As indicated above the licensing and access type of each article were identified and added manually and individually. Article DOI’s were accessed one by one with a computer browser outside/without access to university library networks, as the intention was to verify if any of the articles were available to the general public without university library network/subscription credentials.

This blog post and the deposit of the data is part of a work in progress and is shared openly to document ongoing work and to encourage further discussion and analyses. It is hoped that quantitative data on the limited level of adoption of Creative Commons licenses and Institutional Repositories within a clearly-circumscribed corpora can motivate reflection and debate.

Acknowledgements

I am indebted to Joe McArthur for his kind and essential help cross-checking the original dataset with the OA Button API, and to Euan Adie and all the Altmetric team for enabling me to use the Altmetric Explorer to conduct research at no cost.

Previous Work Mentioned

Priego, Ernesto; Havemann, Leo; Atenas, Javiera (2014): Online Attention to Digital Humanities Publications (#DH2014 poster). figshare. https://doi.org/10.6084/m9.figshare.1094345.v1 Retrieved: 18:46, Aug 04, 2017 (GMT).

Priego, Ernesto; Havemann, Leo; Atenas, Javiera (2014): Source Dataset for Online Attention to Digital Humanities Publications (#DH2014 poster). figshare. https://doi.org/10.6084/m9.figshare.1094359.v5 Retrieved: 17:52, Aug 04, 2017 (GMT)

Priego, Ernesto (2017): Aprire l’Informatica umanistica / Abriendo las humanidades digitales / Opening the Digital Humanities. figshare. https://doi.org/10.6084/m9.figshare.4902995.v1 Retrieved: 18:00, Aug 04, 2017 (GMT)

The Triple A: Africa, Access, Altmetrics

Time flies and I can’t contain my excitement that I will be participating in the Discoverability of African Scholarship Online. Practical strategies and collaborative approaches workshop in Nairboi, Kenya, organised by the Open UCT Initiative. For me there’s three very important A’s in scholarly communications: Africa, Access and Altmetrics.

I have been doing some digging, refining and visualising this week, and today I shared two first rough drafts of a couple of alluvial charts I made visualising a dataset of the 25 highest scoring peer-reviewed articles with the term “Africa” in the title (within the timeframe of one year). To collect the articles data I used the Altmetric Explorer. The data corresponds to a report I exported on the 19th of February 2014.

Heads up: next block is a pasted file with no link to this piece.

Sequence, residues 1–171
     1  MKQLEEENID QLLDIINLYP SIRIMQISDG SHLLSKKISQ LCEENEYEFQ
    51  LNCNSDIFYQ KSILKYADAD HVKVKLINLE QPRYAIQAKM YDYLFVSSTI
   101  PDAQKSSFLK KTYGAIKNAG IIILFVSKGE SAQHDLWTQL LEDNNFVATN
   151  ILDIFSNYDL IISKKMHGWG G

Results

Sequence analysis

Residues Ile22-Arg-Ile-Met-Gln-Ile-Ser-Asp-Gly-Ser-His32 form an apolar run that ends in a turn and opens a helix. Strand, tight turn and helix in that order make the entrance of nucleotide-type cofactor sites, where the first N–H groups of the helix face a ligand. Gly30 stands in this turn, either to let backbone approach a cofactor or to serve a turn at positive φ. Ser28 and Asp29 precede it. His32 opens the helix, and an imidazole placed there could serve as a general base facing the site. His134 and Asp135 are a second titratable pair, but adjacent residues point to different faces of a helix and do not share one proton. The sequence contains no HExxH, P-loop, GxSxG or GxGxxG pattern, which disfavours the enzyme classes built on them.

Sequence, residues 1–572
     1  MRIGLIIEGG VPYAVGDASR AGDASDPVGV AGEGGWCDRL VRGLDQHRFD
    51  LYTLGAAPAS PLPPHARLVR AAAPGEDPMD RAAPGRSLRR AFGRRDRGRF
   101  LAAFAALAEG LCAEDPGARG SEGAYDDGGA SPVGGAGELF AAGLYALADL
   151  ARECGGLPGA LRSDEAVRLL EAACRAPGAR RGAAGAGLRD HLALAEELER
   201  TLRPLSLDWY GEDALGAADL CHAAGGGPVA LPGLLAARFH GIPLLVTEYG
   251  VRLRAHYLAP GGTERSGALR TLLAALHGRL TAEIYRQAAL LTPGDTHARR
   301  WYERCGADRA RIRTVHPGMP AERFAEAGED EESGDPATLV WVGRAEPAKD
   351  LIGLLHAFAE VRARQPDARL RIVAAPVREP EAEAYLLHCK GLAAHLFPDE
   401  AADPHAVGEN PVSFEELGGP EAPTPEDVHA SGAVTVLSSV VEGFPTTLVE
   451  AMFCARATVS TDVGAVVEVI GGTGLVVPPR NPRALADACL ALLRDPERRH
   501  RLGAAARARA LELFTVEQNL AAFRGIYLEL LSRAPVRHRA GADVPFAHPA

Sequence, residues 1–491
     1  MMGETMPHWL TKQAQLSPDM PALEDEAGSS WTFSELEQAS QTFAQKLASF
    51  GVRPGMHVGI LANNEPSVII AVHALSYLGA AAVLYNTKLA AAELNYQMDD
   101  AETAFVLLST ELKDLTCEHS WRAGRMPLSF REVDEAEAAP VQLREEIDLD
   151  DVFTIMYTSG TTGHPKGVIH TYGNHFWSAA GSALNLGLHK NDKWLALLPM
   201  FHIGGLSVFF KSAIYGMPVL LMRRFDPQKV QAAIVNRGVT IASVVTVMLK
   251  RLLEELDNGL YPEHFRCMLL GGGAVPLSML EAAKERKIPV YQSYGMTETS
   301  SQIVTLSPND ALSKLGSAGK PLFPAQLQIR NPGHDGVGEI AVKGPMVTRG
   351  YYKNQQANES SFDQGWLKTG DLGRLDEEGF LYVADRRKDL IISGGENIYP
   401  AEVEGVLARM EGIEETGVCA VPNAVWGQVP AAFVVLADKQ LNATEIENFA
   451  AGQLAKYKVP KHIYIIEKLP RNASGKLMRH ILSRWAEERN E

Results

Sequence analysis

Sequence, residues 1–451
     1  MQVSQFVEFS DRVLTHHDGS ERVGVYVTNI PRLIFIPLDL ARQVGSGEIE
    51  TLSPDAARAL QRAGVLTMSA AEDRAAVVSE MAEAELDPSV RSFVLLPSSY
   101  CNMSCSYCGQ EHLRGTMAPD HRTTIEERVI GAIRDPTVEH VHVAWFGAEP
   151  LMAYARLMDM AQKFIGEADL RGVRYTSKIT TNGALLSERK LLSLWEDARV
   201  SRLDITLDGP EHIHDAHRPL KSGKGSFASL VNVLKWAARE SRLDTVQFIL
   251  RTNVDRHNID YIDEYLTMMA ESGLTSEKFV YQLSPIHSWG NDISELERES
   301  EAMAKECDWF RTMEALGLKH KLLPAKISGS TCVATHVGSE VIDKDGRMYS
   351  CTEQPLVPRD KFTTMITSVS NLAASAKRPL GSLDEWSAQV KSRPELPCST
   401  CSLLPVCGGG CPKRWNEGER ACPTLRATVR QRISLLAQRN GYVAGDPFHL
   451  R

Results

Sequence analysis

The Altmetric score is a quantative measure of the quality and quantity of attention that a scholarly article has received. It takes into account three main factors:

  1. Volume. The score for an article rises as more people mention it. The Explorer only counts one mention from each person per source, so if someone tweet about the same paper more than once Altmetric will ignore everything but the first.
  2. Sources. Each category of mention contributes a different base amount to the final score. For instance, a newspaper article contributes more than a blog post which contributes more than a tweet.  Altmetric looks at how often the author of each mention talks about scholarly articles, whether or not there’s any bias towards a particular journal or publisher and at who their audience is.
  3. Authors.  For example, a scholar sharing a link with other scholars counts for far more than a journal account pushing the same link out automatically.

The focus of my study, however, is not necessarily the Altmetric score itself. One of my goals is to try to discover patterns or correlations between journal title, country of affiliation of Principal Investigator, access type of the article and the attention the article in question gets online. Logically the dataset I obtained and refined and its visualisations are not representative of all scholarly outputs with “Africa” in the title out there, but only of the data Altmetric is able to track in the first place.